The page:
The sweeping arches and jutting supports seemed to defy gravity and make customers feel as if they were next to, or inside of, a hovering spacecraft. Suddenly new buildings were sporting alien looking spires or floating parabolic rooftops. Even churches, especially Protestant, got into a (albeit subtle) futuristic mood resulting in some very ethereal houses of worship. And they were mostly made of clunky flagstone, concrete, and steel, mind you -- not the lightweight composite materials available today -- with lots of glass. This made the eerie floating effect of the designs seem all the more intriguing because of the contradicting heaviness of the materials. Designers had a lot of fun with lettering as well. Text hovered all over the signage, and resembled bubbles, stars, and other heavenly objects of our imagined birthright to the universe. Colors used were often the popular shades of the 50's -- mint green, melon, turquoise -- but when outer space was put into the mix, any bright neon colors on the background of dark blue space were appropriate.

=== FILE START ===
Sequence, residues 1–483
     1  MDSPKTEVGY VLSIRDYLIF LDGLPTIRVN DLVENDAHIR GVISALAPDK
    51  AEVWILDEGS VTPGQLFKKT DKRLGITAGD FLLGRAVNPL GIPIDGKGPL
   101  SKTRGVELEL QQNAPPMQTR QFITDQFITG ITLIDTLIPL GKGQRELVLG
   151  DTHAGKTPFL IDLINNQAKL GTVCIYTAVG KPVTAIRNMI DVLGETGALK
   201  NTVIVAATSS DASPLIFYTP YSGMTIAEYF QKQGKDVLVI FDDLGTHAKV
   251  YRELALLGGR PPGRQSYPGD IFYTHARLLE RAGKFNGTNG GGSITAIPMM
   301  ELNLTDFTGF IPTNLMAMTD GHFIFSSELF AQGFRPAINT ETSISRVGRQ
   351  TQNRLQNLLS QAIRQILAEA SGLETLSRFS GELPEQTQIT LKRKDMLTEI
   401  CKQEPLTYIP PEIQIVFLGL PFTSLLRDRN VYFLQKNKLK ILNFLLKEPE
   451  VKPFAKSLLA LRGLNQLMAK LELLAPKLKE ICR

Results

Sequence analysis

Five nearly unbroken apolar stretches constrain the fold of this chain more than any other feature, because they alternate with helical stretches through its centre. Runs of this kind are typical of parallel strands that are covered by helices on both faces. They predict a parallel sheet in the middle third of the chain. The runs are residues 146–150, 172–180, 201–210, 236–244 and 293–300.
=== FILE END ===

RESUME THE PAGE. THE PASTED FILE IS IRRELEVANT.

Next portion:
Unfortunately most of these funky space-aged works of art have either been left to deteriorate on vacated lots, or are being systematically demolished, to be replaced by the bland imagination-less buildings (or the self-important gargantuas of New Las Vegas) currently popular today. Thankfully there are local organizations springing up to attempt to save these artifacts of the spirited era that conceived them, but many of the best have been lost. So go out and find some Googieness where you live, and take a few pictures just in case it won't be there very much longer.
A good book on Googie history: